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Hydrogen: the new electric?

Could hydrogen be the key for a zero-emission future?

While hydrogen infrastructure might be lacking at the moment, there are big plans in place to expand the network of refueling stations to drive this zero-emission fuel forward.

Hydrogen fuel cell electric vehicles (FCEVs) have been touted as an alternative to electric vehicles (EVs) for a number of years. Not only are they just as environmentally friendly, perhaps even more so, but they take away the need for lengthy charges and most have a range of around 300 miles.

There are two things currently holding back the rapid adoption of FCEVs however. The first is infrastructure. While there are plenty of plans to roll out new refueling stations for hydrogen vehicles, the infrastructure still doesn’t allow for widespread use of this fuel.

In March this year, ITM Power, Shell, Toyota, Honda and Hyundai formed a consortium and won £8.8mn ($11.86mn) in funding from the Department for Transport to improve access to an expanded network of hydrogen refueling stations in the UK. At the moment, however, it’s Scandinavia and Germany leading the charge for the roll out of FCEVs.

The second barrier to full-scale adoption of these cars is cost. Hydrogen is sold in kilograms rather than volume and current prices are approximately £10 to £15 ($13.50 to $20) per kg. An average FCEV tank holds around 5kg, so a full hydrogen refill would cost between £50 and £75 ($67 and $101). At the moment, hydrogen FCEVs have much higher per-mile costs than EVs or internal combustion engine cars.

For consumers, there’s very little choice available when it comes to cars, but plenty of manufacturers are working on their own FCEV. The Toyota Mirai and the Hyundai ix35 Fuel Cell are the two most popular models and it’s expected that Honda’s Clarity Fuel Cell car will join them later this year. BMW, Audi, and Mercedes Benz are just some of the manufacturers developing hydrogen fuel cell models, so the market is set to expand over the course of the next few years.

Currently, a more popular use for FCEVs is in the commercial markets. Many police cars, taxis and buses already run on the fuel in cities where there’s already a decent private infrastructure. Three fleets of 60 hydrogen vehicles will be deployed in London, Paris and Brussels as part of the Zero Emission Fleet vehicles for European Roll-out (ZEFER) project.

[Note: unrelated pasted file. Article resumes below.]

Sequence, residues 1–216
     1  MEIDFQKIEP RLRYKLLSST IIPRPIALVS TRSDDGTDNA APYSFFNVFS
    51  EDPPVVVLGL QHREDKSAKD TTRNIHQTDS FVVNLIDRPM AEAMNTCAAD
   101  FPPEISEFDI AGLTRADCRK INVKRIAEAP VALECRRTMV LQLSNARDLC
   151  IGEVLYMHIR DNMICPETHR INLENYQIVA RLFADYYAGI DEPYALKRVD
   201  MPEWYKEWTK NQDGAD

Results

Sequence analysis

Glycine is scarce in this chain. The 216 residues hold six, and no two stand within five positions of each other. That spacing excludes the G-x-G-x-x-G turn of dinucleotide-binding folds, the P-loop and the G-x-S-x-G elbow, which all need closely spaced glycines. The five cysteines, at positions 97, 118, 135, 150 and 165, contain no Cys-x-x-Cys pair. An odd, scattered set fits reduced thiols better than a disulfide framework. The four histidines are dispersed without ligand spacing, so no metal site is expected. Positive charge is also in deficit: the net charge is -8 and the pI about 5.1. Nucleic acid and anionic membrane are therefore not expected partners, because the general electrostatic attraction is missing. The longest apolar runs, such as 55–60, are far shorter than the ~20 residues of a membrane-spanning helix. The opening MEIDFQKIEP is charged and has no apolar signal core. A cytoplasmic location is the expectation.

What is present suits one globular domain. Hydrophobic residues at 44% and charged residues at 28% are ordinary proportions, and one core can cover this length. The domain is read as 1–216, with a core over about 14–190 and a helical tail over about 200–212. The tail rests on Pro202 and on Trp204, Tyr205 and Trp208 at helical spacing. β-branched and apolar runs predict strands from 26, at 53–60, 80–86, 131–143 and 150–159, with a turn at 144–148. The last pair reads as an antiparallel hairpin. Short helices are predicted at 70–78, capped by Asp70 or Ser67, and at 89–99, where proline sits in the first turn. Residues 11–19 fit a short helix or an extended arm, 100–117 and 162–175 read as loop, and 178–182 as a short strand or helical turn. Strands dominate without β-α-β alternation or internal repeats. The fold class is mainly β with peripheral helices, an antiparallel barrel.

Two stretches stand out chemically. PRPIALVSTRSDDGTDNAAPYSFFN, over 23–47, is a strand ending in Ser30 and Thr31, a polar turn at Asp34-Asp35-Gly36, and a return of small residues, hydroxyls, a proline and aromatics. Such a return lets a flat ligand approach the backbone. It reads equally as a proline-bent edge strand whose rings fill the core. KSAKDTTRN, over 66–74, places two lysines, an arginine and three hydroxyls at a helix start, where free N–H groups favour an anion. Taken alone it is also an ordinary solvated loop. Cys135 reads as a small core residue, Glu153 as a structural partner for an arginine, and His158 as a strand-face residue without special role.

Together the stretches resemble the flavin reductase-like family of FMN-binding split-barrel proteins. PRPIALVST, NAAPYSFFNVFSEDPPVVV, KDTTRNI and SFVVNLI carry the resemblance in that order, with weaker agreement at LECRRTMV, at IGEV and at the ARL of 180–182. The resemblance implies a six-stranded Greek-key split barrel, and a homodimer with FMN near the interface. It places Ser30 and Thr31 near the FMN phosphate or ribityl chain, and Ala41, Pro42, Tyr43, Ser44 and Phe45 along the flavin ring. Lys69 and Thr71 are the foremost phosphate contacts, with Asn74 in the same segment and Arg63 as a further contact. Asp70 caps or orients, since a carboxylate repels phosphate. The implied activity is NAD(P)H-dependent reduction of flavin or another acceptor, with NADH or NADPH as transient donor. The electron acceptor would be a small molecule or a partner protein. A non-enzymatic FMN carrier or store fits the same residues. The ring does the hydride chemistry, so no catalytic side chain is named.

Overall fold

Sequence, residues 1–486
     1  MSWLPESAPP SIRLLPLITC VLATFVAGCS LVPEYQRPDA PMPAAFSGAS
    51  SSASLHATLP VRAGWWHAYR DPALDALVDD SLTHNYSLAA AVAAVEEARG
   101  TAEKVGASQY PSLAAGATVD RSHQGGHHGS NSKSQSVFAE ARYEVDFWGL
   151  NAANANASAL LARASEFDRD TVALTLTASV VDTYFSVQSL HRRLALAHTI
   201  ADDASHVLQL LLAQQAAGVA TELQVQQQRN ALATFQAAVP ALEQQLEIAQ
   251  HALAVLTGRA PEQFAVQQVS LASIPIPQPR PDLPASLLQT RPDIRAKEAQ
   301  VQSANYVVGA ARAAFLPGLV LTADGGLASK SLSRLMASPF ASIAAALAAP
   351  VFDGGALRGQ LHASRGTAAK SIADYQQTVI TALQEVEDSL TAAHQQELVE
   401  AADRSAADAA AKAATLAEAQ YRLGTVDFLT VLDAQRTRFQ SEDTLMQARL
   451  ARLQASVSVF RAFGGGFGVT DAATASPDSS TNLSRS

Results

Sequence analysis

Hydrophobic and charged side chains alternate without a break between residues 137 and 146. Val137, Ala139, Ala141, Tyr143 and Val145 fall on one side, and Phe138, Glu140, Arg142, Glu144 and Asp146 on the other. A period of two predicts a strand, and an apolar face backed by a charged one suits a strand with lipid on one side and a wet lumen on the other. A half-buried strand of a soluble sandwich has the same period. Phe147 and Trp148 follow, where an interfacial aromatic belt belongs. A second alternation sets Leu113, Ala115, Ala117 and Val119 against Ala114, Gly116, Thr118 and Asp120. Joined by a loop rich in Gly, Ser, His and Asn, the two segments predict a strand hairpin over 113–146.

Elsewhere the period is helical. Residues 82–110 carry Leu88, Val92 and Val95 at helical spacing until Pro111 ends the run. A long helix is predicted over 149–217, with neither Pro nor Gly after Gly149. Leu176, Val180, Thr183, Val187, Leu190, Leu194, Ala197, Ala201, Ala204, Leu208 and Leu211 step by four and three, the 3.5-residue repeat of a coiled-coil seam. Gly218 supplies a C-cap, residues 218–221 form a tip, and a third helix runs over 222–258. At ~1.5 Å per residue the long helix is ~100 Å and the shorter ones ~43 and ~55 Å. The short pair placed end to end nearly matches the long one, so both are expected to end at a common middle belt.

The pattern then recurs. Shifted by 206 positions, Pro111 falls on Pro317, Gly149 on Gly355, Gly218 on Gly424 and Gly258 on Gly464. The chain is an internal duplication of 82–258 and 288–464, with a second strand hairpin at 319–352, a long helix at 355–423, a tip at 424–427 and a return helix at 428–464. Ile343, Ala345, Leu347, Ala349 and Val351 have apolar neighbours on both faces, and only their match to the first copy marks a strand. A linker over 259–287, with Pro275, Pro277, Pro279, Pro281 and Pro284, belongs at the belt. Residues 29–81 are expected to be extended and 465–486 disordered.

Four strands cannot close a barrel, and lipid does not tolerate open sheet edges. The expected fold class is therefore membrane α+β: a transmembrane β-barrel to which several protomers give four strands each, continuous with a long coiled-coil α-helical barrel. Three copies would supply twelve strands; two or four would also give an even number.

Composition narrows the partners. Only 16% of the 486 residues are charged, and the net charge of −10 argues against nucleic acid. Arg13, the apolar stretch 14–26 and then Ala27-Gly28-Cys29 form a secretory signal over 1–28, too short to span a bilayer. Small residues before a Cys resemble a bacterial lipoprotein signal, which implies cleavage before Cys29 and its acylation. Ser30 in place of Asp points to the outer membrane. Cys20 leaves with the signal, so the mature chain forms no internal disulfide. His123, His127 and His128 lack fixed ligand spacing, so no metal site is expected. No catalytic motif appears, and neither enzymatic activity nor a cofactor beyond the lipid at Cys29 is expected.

The €26mn ($31mn) European initiative will introduce 180 FCEVs into a combination of taxi, private-hire and police fleets.

Ben Madden, director at Element Energy told Fleet News: “We are delighted to be leading this major project which will demonstrate commercially viable use cases for hydrogen-fueled vehicles in high mileage urban fleets.

“The increasingly widespread hydrogen infrastructure network in leading European cities as well as new FCEV models from manufacturers are beginning to drive real market adoption.

“We are excited to see first large-scale users starting to take up the technology in large fleets to do the day to day work of vehicles which operate in urban centres.”

The first 25 cars have been deployed in London by Green Tomato Cars, with another 25 due to be delivered in September. These vehicles will offer the same service as current premium taxi services and will be allocated to standard bookings across London and the Home Counties.

Also, in London, the Metropolitan police are using Toyotal Mirai hydrogen cars and trialing hydrogen scooters. In a city where there’s already a decent hydrogen refueling infrastructure, this makes sense.

Many cities are also testing hydrogen buses. Last year, another European project rolled out 144 hydrogen buses and seven new refuellng stations.

The future looks bright for hydrogen vehicles with many countries offering grants and subsidies to help improve the infrastructure. In Kia and Hyundai’s native South Korea, the government offers subsidies to filling station operators to add hydrogen facilities. The goal is to have 310 stations across the country by 2022.

More than 45 stations are planned across Europe as part of the H2ME Project by 2020 with a number of those already active, while over in the USA, it’s California that’s leading the way with 35 of the country’s 39 public refueling stations. The pioneering state also has another 29 planned.

Despite the limited infrastructure, the Hydrogen Council has an optimistic view for the long-term, saying there could be around 10 to 15mn hydrogen-powered cars and 500,000 trucks by 2030 and by 2050 that number could grow to 400mn hydrogen cars and 15 to 20mn trucks.

There’s no doubt there’s a long way to go for FCEVs, but 10 years ago, we were saying the same about electric vehicles.

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